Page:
5. If it proves to be the case that the Chairman of the Panel has at any time during the hearing held shares in GSK, this being a matter which clearly and evidently would seem to reflect upon the ability of the panel to render a fair verdict, would the GMC not consider this a matter to be adjudicated upon by the Legal Assessor and not dealt with by a one line press release.

We have to insist upon a proper response to this letter and our two previous ones. We feel we also have to make clear to you, that the Cry Shame organisation, which is mainly comprised of parents of vaccine damaged children - and therefore people who feel they have some locus in the present hearing - seeks an honest and fair resolution to this matter.    

Cry Shame feels that it was unfailingly honest in it's requests to the GMC for straight answers to it's letter. Nevertheless, the organisation consistently avoided an honest reply.


*      *      *

On the morning of the first day of the most recent hearing period, the Legal Assessor made a statement about my essay and directly attacked me. This attack was cowardly on a number of levels; it was read into the hearing transcript which is considered a private document, not only have I no access to the transcript but it's very nature robs me of any right of reply. Here is the Legal Assessor's statement.

During the course of the recent prolonged adjournment the General Medical Council received correspondence enclosing what can best be described, I suppose, as an essay by a Martin J. Walker raising potential issues of conflict of interest involving the Chairman of this Panel.  

The Chairman has at various stages in these proceedings declared those interests and nobody representing any of the parties, including the General Medical Council, has raised any objection to him and everyone has agreed there was no conflict of interest.

There are set procedures that the GMC have which should be followed for all Panel members in all cases of this nature to declare interests.   Those procedures have been followed as far as Dr Kumar is concerned and there has been deemed to be no conflict of interest.   I understand that every party agrees that there is no conflict of interest, notwithstanding this recent correspondence.   Am I right in thinking that?   ( All parties agreed )    Everybody agrees.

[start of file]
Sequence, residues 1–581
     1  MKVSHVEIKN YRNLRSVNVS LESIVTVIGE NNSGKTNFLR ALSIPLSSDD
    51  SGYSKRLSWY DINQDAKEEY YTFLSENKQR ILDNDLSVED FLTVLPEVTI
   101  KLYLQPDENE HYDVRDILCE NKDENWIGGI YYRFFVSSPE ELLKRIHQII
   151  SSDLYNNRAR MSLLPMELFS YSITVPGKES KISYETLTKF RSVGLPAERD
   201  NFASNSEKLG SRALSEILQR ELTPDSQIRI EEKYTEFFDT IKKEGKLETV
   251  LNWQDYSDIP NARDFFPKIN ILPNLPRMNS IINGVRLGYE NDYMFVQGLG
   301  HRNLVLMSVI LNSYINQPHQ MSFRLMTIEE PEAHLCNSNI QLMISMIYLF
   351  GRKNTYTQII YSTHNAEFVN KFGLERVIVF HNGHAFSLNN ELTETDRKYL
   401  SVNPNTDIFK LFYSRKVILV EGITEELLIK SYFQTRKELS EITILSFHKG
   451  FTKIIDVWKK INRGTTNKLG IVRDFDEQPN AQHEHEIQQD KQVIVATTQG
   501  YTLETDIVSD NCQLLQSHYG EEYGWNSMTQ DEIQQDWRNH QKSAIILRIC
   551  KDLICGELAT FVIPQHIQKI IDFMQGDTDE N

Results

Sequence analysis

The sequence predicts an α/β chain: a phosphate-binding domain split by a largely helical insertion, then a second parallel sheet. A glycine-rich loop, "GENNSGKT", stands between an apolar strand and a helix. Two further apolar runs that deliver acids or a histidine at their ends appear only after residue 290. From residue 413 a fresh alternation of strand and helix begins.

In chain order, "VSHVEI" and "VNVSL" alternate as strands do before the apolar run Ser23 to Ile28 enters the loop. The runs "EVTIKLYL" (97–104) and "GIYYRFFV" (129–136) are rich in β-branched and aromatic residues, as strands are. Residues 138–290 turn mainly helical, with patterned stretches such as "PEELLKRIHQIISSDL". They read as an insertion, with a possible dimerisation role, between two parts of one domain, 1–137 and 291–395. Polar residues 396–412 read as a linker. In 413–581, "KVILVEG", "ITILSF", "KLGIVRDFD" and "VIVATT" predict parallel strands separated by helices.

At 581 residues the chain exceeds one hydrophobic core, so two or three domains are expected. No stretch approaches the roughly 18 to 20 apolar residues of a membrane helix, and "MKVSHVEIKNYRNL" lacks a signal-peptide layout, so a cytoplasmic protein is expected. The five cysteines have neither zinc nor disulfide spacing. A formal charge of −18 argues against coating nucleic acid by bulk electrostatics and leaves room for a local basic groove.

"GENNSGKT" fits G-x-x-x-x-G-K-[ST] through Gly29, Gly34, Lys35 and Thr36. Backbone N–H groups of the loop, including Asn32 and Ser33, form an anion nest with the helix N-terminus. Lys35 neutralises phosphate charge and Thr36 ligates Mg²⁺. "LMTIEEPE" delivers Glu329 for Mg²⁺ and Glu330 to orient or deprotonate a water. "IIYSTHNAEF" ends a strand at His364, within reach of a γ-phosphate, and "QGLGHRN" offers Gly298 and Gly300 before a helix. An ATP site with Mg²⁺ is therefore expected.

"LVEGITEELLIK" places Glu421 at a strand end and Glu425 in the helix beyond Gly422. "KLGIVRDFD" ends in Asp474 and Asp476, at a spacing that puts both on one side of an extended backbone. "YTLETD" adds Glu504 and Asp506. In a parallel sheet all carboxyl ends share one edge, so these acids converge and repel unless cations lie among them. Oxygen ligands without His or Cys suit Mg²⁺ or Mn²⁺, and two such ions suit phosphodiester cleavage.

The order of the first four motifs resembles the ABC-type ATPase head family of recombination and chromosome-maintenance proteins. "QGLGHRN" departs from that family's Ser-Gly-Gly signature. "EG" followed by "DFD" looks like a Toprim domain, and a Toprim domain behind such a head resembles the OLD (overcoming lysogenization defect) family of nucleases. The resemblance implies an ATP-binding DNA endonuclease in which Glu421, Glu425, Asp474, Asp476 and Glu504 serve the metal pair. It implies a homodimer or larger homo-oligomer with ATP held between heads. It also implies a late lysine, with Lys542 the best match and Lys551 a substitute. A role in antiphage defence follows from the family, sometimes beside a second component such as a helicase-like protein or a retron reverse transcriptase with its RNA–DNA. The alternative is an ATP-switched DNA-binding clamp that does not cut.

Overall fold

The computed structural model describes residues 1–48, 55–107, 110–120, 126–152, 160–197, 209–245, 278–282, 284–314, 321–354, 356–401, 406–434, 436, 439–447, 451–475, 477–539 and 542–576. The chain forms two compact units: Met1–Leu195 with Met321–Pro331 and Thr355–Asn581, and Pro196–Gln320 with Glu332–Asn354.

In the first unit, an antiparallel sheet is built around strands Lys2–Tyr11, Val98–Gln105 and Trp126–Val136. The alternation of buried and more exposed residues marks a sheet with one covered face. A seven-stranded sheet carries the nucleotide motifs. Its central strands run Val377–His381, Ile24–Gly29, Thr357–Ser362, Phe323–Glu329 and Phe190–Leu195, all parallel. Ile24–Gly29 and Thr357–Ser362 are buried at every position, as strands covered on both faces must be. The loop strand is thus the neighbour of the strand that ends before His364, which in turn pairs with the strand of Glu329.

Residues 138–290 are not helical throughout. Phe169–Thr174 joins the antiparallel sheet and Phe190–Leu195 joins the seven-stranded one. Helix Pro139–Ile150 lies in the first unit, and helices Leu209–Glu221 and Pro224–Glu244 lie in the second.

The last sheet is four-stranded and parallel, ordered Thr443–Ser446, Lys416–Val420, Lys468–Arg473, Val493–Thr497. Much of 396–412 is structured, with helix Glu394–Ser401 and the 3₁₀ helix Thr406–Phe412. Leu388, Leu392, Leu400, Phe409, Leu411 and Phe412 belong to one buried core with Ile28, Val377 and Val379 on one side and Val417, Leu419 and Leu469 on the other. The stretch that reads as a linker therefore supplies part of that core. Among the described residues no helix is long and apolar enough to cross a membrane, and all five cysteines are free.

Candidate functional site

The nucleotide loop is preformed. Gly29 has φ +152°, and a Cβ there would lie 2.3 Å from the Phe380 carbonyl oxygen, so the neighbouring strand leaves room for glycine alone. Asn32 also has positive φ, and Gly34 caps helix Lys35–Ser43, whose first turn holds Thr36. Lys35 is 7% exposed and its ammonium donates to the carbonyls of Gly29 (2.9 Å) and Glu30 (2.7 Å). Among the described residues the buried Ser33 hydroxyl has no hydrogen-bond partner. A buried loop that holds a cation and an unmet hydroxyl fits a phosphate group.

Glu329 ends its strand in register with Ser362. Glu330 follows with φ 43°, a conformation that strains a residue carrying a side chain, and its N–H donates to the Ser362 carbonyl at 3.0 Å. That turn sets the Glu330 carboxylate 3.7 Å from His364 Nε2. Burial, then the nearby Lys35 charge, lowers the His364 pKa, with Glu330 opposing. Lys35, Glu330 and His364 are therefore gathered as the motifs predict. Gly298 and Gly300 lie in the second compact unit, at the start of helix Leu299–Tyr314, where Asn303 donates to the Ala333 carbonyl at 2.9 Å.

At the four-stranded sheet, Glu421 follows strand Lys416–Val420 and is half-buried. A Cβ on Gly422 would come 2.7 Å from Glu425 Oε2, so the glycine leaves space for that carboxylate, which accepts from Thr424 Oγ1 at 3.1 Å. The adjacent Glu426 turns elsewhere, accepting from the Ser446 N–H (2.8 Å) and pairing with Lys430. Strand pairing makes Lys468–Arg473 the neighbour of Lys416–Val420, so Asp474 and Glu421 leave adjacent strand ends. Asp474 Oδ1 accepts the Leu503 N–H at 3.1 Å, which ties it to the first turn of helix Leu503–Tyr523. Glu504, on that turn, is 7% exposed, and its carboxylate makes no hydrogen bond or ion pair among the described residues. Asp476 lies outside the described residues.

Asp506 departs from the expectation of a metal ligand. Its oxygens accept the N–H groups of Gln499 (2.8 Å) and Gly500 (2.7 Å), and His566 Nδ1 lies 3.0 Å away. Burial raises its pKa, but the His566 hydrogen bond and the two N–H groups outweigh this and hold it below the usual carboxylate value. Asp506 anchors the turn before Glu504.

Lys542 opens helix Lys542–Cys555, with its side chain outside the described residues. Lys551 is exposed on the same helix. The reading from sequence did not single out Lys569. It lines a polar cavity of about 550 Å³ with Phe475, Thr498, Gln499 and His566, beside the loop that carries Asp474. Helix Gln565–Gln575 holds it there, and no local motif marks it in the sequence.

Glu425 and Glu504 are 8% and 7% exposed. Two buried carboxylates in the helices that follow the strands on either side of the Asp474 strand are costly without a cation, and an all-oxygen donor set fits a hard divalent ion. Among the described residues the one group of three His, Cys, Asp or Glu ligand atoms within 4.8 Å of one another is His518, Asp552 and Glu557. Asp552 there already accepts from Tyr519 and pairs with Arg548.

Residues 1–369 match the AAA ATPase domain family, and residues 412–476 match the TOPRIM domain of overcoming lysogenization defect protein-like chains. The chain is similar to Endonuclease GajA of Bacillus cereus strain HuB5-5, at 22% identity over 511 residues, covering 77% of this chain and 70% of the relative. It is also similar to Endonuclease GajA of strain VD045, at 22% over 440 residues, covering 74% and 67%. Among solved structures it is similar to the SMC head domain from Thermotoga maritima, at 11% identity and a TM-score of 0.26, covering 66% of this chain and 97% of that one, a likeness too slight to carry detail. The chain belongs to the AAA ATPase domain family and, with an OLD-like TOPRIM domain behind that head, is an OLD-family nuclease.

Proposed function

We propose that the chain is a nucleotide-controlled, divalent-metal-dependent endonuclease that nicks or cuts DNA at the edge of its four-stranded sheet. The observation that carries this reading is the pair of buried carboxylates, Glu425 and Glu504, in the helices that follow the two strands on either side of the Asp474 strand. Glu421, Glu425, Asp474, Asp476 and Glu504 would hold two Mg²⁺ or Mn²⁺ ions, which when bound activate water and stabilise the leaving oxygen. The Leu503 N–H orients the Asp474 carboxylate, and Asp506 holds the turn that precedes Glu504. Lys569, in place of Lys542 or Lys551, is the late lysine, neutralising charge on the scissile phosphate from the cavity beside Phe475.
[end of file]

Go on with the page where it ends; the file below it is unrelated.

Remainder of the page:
The best that can be said is that this was considerably unhelpful and entirely inappropriate at this stage in these proceedings.   Unfortunately this is not a court of law and does not have the benefit of contempt jurisdiction, otherwise I might be giving a lot firmer advice to the Panel as to how to deal with interventions of this nature.   If anybody was misguided enough to think that they were helping any of the parties, they were not because it has involved, of course, lawyers having to read this and consider it, which will have involved unnecessary expense, unnecessary work and possibly even unnecessary concern.   The Panel members who were shown this of course were concerned about the propriety of their position.   It is an entirely unhelpful intervention.

I hope if there are any more they will come straight to me and that they may not get any further than that.

*      *      *

I answered the Legal Assessors intemperate ruling with the following:


Not Enough Contempt to Go Round

A couple of weeks ago I was talking to an Argentinean friend of mine, as it happens he works for a small pharmaceutical company. I explained to him in detail the predicament of Dr Kumar with his shares in Glaxo Smith Kline, the biggest pharmaceutical company in the world and producer of MMR. The Argentinean was outraged.

His jaw dropped, 'This must be illegal', he said.

'This man has a direct financial interest in the outcome of the hearing!'

Even with his limited English, he evidently understood the basics of the situation.

I wondered about what I could learn from his analysis. The first thing I thought was that there was evidently a considerable difference in the ethics of small pharmaceutical companies in Europe and those of the UK General Medical Council.


*      *      *

It's 10.05 on Monday 3rd of November, I'm sitting in my usual place at the GMC, the hearing began about ten minutes ago; but this is not a normal day. I have just been threatened with the charge of Contempt of Court by the QC paid by the GMC to issue impartial legal advice to the Panel, in the Fitness to Practice hearing of Dr Andrew Wakefield, Professor Simon Murch and Professor Walker-Smith.

I'm staggered, I sit wondering what expression I should have on my face, anger, contrition, sadness or even concern for the QC's mental health. I had actually managed a very method-acting laugh all the way through his short tirade. But finally when he asked all the other legal parties in the room if they had anything to say and they all agree with him, wisely nodding their heads, I couldn't keep up even my clowning and felt enveloped by a cloud of misery at the state of England.